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Thursday, July 29, 2010

The Trip of a Lifetime--to INDIA!!

Girl Scout destinations transport Girl Scouts to the far corners of the world. Girls meet remarkable friends, develop leadership skills, gain confidence, and enjoy valuable learning opportunities.

Recently, an eager group of Girl Scouts joined San Diego council staff and experienced the excitement of Indian life in the global atmosphere of Sangam: Indian food, outdoor markets, sari shopping, famous sites and Indian art with 11 of their Girl Scout sisters.

Enjoy this series of posts from Karina, one of the Girl Scouts who just returned from the trip of a lifetime! We'll publish these in four installments. Enjoy -- and let is know what you think!

Holy Cow!

Maybe that’s not the first thing that pops in your head when you hear “India”. Although, you should know cows are sacred there, which means that you will find McVeggie hamburgers and absolutely no beef at McDonald’s.

Well Holy Cow, after the green ink on my passport, it was official.

But the madness had started even before.

In the midst of excitement, yellow fever shots, pre-travel shopping ( bug repellent, anti-itch cream, tons of stuff and that annoying waist wallet to carry around things I shouldn’t lose); I got back my passport with my 6 month Indian tourist Visa. For some reason, said Visa was signed with not blue or black ink, but green. That was the first of many differences I would find between everything I’m used to…and India.

If I could define my whole trip in one word it would be “different”. But I like to write so here it goes…

The first step was applying to the “Essence of India” Destination and being accepted. Then the next step was doing the paperwork, getting vaccines, and a long list of things to do before June 13: the day I flew from San Diego to Newark, NJ to meet the coolest girls ever so we could all fly together to Mumbai and bond on the 18 hour plane ride. When we landed on the moon Mumbai it felt like being out of this world. The air was moist, there was no toilet paper in the restroom (people eat only with their right hand, and it has to do with the purpose of the left/toilet paper hand), people speaking in other languages, women wearing saris, nothing like I would’ve imagined. And I loved it.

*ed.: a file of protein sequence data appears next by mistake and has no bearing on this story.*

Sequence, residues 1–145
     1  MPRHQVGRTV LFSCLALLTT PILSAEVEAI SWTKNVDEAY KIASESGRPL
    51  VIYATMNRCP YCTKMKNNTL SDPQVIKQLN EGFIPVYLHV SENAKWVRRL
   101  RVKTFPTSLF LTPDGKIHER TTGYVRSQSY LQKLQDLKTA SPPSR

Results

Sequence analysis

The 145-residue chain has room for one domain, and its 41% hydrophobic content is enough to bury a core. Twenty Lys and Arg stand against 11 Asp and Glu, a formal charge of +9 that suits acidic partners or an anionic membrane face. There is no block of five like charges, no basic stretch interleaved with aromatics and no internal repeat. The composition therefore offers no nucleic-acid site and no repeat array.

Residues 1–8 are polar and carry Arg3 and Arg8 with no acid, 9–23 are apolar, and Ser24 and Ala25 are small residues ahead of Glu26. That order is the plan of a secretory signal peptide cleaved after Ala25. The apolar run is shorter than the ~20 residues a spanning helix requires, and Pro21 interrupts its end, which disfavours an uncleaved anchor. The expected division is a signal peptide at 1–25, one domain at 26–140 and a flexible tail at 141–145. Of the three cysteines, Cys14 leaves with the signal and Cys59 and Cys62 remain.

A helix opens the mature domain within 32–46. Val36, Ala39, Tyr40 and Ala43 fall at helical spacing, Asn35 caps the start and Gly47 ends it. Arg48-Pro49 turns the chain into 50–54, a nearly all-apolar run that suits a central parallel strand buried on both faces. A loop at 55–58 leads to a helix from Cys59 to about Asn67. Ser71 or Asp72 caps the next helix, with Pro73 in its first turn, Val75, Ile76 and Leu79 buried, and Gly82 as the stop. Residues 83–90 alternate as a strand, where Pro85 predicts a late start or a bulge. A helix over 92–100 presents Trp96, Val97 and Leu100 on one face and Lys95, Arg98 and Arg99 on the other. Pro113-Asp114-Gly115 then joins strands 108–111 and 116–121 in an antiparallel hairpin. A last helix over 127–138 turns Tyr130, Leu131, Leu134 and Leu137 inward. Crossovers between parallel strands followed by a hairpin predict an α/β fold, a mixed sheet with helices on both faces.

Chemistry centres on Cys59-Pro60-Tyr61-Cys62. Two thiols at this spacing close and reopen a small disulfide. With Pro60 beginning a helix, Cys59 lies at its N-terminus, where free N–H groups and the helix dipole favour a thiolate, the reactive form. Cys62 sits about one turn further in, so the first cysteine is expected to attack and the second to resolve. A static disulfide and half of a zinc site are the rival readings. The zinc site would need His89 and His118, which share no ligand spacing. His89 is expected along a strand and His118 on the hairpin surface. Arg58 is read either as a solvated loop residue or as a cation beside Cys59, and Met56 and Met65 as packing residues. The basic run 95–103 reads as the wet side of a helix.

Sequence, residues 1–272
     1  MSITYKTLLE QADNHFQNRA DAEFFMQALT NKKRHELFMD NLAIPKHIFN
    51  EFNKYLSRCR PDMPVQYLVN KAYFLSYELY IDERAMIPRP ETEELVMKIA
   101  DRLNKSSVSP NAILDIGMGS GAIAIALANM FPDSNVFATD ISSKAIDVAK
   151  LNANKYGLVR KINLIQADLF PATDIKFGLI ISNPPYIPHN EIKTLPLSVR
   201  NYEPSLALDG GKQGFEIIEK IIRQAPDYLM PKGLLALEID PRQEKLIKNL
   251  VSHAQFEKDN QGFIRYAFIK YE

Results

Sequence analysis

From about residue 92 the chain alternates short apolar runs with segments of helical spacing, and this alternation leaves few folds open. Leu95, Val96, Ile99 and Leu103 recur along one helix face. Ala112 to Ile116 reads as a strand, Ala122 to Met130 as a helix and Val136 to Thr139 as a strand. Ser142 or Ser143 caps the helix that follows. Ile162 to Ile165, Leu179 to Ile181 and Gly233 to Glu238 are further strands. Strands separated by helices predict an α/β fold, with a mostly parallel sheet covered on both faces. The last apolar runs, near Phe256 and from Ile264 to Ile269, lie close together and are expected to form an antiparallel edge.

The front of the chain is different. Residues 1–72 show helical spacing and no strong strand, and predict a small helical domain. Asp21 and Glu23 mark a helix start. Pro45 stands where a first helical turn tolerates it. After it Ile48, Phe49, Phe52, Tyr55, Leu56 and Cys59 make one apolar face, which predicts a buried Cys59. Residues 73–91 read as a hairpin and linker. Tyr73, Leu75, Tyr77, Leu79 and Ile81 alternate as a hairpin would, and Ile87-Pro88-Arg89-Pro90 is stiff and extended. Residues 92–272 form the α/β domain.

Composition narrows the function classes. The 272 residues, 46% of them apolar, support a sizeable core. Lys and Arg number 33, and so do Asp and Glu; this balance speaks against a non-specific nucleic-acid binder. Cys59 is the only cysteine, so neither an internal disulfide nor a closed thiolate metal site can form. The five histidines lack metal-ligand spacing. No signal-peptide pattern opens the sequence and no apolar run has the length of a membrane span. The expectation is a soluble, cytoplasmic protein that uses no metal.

A little shuttle took our group through insane traffic, rain and breathtaking landscapes so that after four hours, we got to our final destination: Sangam.

Next: having a blast in Pune, with its 98 million people.


Friday, July 2, 2010

Girl Scout Camp Chronicles: "Wild Things" Daycamp

At our Wild Things camp in Escondido, girls take a walk on the wild side, going behind the scenes and learning from the experts at the Wild Animal Park. Back at camp, their imagination runs wild as they play games, create wacky costumes, make art and tackle our challenge course.

Don't you wish you could experience camp firsthand; to run and learn and play like these girls? Here's the next best thing -- our camp staff share their observations with you.

During the portable challenge course today, campers were trying to work together to get across a pretend pond by stepping on "lily pads" (wooden boxes). As the last girl was about to step back on to the other side of the pond another girl reached out to grab her hand and said, "Come on! You got it!!" It was a great example of the teamwork and skills we develop through the portable challenge course. --Kit Kat, Counselor

I was lucky enough to listen in as campers debriefed after the challenge course today. When asked, "What did you figure out?" their answers were amazingly insightful! Girls no higher than my waist said things like Teamwork! Responsibility! How to concentrate! Making friends! Powerful stuff, those bits of wood and rope, carefully designed by our outdoor education folks, and lovingly facilitated by our fabulous day camp staff. --Skipper, Outdoor Education Specialist